In our daily life, we come across a number of chemical substances which make our life easy. Some of them are soap, nail polish, boot polish, varnish, nail polish remover, shampoo, perfumes, etc. From early morning to bedtime directly and indirectly we are constantly using chemical substances.
We will provide some interesting Chemistry Research topics , this will help you to gain more knowledge about different spheres of chemistry. CLICK
Soaps are the salts of fatty acids. Since they are salts of fatty acids, soaps have the general formula (RCO2−)nMn+ (Where R is an alkyl, M is a metal and n is the charge of the cation). The major classification of soaps is determined by the identity of Mn+. When M is Na or K, the soaps are called toilet soaps, used for handwashing. Many metal dications (Mg2+, Ca2+, and others) give metallic soap. When M is Li, the result is lithium soap (e.g., lithium stearate), which is used in high-performance greases.
Production of metallic soaps
Most metal soaps are prepared by neutralization of purified fatty acids:
RCO2H + CaO → (RCO2)2Ca + H2O
Production of toilet soaps
The production of toilet soaps usually entails the saponification of fats (triglycerides). Triglycerides are vegetable or animal oils and fats. An alkaline solution (often lye or sodium hydroxide) induces saponification whereby the triglyceride fats first hydrolyze into salts of fatty acids. Glycerol (glycerin) is liberated. The glycerin can remain in the soap product as a softening agent, although it is sometimes separated.
For making toilet soaps, triglycerides (oils and fats) are derived from coconut, olive, or palm oils, as well as tallow. Triglyceride is the chemical name for the triesters of fatty acids and glycerin. Tallow, i.e., rendered beef fat, is the most available triglyceride from animals. Each species offers quite different fatty acid content, resulting in soaps of distinct feel. The seed oils give softer but milder soaps. Soap made from pure olive oil, sometimes called Castile soap or Marseille soap, is reputed for its particular mildness. The term “Castile” is also sometimes applied to soaps from a mixture of oils, but a high percentage of olive oil.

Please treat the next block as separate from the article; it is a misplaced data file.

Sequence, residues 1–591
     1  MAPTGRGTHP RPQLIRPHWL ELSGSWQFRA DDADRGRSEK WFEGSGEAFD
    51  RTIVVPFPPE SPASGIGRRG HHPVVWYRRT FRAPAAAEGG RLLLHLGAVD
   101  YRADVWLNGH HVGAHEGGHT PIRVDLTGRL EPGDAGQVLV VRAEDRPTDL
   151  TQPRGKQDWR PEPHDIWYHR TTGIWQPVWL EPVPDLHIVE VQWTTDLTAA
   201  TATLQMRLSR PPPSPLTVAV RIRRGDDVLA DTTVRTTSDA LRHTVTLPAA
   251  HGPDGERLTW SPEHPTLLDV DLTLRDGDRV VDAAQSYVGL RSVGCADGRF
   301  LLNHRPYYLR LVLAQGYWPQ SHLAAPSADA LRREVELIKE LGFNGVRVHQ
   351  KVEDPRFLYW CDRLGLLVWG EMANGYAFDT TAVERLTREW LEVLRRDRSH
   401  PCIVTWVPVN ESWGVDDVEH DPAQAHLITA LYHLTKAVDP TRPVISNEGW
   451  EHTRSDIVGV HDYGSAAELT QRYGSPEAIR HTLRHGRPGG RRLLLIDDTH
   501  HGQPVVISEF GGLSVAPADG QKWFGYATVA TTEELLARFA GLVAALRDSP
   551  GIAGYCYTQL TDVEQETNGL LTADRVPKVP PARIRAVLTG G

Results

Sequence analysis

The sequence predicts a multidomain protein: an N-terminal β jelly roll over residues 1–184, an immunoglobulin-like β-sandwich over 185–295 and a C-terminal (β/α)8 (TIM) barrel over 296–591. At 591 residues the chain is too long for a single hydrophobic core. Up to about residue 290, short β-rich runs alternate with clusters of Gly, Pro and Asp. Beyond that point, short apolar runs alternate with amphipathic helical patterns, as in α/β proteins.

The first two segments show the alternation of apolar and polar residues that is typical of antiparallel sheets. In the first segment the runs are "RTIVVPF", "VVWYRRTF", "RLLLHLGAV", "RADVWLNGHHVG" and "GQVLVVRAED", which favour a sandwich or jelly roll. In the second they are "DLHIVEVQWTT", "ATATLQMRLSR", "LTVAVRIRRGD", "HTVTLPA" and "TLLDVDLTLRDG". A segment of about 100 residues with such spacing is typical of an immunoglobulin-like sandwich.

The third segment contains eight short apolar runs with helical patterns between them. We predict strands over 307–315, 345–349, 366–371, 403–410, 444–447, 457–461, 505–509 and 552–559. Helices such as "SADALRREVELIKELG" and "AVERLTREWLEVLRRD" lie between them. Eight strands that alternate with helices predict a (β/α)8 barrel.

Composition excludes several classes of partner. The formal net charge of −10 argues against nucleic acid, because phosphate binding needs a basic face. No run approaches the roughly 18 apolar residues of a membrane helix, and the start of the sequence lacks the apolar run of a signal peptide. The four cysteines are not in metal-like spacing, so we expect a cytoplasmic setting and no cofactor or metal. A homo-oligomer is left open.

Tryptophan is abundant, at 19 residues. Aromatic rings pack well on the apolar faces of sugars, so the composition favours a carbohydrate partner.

Handmade soap from the cold process also differs from industrially made soap in that an excess of fat is used, beyond that needed to consume the alkali (in a cold-pour process, this excess fat is called “superfatting”), and the glycerol left in acts as a moisturizing agent. However, the glycerine also makes the soap softer. The addition of glycerol and processing of this soap produces glycerin soap. Superfatted soap is more skin-friendly than one without extra fat, although it can leave a “greasy” feel. Sometimes, an emollient is added, such as jojoba oil or shea butter. Sand or pumice may be added to produce a scouring soap. The scouring agents serve to remove dead cells from the skin surface being cleaned. This process is called exfoliation. The lye is dissolved in water.
To make antibacterial soap, compounds such as triclosan or triclocarban can be added. There is some concern that the use of antibacterial soaps and other products might encourage antibiotic resistance in microorganisms.
Nail polish (also known as nail varnish or nail enamel) is a lacquer that can be applied to the human fingernail or toenails to decorate and protect the nail plates. The formula has been revised repeatedly to enhance its decorative effects and to suppress cracking or peeling. Nail polish consists of a mix of an organic polymer and several other components that give it its unique color and texture. Nowadays nail polishes come in all shades of colors and play a significant part in manicures or pedicures.
- Nail polish consists of a film-forming polymer dissolved in a volatile organic solvent. Nitrocellulose that is dissolved in butyl acetate or ethyl acetate is common. This basic formulation is expanded to include the following:
- Plasticizers to yield non-brittle films. Dibutyl phthalate and camphor are typical plasticizers.